After a surprisingly strong year for stocks in 2019, the new decade got off to a rough start for investors with one of the most abrupt and rapid stock market declines on record. In just 5 weeks, the S&P 500 declined by more than 33%. Overall, U.S. stocks ended the quarter down about 20%, while the global stock markets declined by about 21%.
In previous communications, we focused on the broader issues of why the market was declining and what the decline meant to you and your financial plan. In this article, we will take a deeper look into how various sub-asset classes performed during the first quarter.
- High quality fixed income investments performed well during the quarter, with the Barclays US Aggregate Bond Index producing a positive return of +3.15%. As we would hope, the high quality fixed income provided a diversification benefit exactly when it was needed. Low quality fixed income, on the other hand, performed poorly, with the Barclays US High Yield Corporate Bond Index declining in value by -12.68%. Q1 demonstrated why high yield bonds are not a safe haven: when stocks go down sharply, high yield bonds decline in tandem.
- REITS were particularly hard hit during the market crash, with the Dow Jones US Select REIT Index declining by -28.5%. This is not surprising given the fact that many office buildings and shopping centers are currently underutilized or entirely empty. While REITs play an important role in a diversified portfolio, Q1 demonstrated why REITs are not a substitute for bonds. REITs, despite their high level of current income, can be as volatile as stocks and should be treated as such.
- In Q1, small company stocks as measured by the Russell 2000 index, posted a decline of more than 30%. The pandemic provided a vivid illustration as to why small company stocks are riskier than large company stocks. Small companies are not as well equipped as larger companies to handle the economic shocks of the magnitude we are experiencing, and that fact showed up in the Q1 stock market returns.
- Value stocks have historically provided investors with a premium relative to growth stocks, but not over the last few years. In Q1, this underperformance widened, with US large-company value stocks returning -26% (Russell 1000 Value Index) and small company value stocks posting a decline of -35.66% (Russell 2000 Value Index).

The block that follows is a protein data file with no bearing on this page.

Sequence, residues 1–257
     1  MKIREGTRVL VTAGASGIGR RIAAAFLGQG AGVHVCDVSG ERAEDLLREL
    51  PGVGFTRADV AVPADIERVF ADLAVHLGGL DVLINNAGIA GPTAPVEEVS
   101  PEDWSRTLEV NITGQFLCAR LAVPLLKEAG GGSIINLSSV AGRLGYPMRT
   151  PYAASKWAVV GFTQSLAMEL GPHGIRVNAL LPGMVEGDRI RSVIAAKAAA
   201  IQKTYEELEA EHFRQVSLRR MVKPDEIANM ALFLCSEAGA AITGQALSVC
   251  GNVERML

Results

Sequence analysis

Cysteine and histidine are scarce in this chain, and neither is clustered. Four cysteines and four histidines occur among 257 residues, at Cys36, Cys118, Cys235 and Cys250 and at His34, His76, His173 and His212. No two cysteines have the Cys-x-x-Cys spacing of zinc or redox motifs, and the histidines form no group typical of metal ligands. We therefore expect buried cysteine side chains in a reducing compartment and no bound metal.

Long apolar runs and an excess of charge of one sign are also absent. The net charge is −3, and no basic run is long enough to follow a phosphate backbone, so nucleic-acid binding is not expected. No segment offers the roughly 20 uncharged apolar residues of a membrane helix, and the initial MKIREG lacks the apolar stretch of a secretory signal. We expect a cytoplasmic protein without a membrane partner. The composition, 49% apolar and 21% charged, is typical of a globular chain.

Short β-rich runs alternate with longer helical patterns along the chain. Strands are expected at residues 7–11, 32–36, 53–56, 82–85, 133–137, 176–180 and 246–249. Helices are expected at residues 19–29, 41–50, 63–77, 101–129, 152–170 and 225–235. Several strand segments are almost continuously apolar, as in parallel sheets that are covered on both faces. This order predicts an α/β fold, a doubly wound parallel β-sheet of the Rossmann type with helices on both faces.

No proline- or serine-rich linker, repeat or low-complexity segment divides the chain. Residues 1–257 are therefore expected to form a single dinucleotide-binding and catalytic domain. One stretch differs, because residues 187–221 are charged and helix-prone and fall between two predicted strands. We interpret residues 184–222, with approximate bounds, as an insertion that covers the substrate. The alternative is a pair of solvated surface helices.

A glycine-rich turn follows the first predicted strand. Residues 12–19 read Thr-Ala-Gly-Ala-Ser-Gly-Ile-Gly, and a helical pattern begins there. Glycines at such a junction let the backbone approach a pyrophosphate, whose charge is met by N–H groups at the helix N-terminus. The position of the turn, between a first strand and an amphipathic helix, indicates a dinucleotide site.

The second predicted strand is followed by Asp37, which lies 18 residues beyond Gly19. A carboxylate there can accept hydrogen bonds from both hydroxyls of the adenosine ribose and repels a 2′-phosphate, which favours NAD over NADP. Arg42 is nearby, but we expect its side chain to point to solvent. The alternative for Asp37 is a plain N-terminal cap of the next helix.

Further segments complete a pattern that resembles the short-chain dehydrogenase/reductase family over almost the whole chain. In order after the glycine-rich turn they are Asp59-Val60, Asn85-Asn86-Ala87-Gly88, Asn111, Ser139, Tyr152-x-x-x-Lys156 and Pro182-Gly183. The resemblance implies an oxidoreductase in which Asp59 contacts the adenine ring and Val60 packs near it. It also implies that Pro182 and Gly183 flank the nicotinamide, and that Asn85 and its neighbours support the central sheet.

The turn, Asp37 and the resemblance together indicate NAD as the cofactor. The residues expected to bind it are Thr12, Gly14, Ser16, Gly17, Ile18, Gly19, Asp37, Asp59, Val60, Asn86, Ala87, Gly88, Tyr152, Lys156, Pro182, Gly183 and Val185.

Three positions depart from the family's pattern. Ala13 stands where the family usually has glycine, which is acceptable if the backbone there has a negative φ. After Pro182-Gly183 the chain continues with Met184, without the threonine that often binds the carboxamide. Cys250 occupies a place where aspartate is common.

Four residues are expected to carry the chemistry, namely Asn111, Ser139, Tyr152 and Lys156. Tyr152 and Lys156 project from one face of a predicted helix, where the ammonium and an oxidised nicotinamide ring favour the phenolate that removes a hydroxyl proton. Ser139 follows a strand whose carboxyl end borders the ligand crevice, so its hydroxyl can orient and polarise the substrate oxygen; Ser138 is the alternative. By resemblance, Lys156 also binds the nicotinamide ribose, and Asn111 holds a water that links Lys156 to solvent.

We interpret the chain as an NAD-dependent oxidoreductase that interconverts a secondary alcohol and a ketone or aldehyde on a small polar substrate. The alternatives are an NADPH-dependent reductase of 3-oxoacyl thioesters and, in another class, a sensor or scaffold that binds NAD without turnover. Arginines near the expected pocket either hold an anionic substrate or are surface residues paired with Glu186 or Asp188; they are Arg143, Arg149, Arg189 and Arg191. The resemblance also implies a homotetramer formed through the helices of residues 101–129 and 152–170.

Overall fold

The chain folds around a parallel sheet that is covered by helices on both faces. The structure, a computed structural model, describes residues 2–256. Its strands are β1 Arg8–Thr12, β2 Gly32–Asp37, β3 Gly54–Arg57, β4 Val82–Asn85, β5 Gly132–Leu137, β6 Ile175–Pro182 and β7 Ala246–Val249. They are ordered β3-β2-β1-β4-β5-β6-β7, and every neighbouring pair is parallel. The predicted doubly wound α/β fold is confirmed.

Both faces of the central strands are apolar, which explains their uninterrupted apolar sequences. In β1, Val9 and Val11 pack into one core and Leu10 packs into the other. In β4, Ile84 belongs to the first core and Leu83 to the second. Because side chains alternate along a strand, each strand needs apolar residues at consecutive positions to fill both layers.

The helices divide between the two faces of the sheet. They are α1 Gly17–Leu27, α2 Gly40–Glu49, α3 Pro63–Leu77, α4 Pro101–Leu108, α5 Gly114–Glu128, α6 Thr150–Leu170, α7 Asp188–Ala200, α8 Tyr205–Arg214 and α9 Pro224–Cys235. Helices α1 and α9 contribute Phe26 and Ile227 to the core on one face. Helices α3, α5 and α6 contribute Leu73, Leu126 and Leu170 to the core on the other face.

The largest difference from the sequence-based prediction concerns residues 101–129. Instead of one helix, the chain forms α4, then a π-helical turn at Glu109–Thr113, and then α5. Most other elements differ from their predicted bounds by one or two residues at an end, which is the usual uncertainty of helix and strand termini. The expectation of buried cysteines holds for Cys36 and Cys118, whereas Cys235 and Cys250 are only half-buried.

So, What Can We Expect Going Forward?
- Stocks have bounced back somewhat since the end of last quarter, at least as of today (4/15/2020). But we urge clients to remain vigilant, and always remember that unexpected bad news related to the pandemic (or some other unknown) could send stocks lower. No one knows the future. Our only realistic option is to stay diversified and stick to the plan.
- We think that investors, who are willing to invest and stay invested in stocks amidst the coronavirus uncertainty, can reasonably expect above-average returns going forward. However, earning these returns may require some patience and fortitude.
- Value stocks, both in the US and abroad, were historically “cheap” before this event, and now, they look extremely inexpensive according to certain measures. We think a value comeback is still in the cards, and we remain committed to the strategy of modestly overweighting the portfolios toward both small and value. But again, patience and discipline may be required.
Successful investors are optimistic about the future but are always prepared for short-term setbacks. That mindset is especially valuable in today’s environment, and we hope it provides some peace of mind that we plan for market downturns before they happen.
We remain committed to our investment philosophy and are confident that our approach, coupled with flexibility, ongoing risk management, and diligence will provide the highest likelihood of keeping you on track to reach your long-term goals.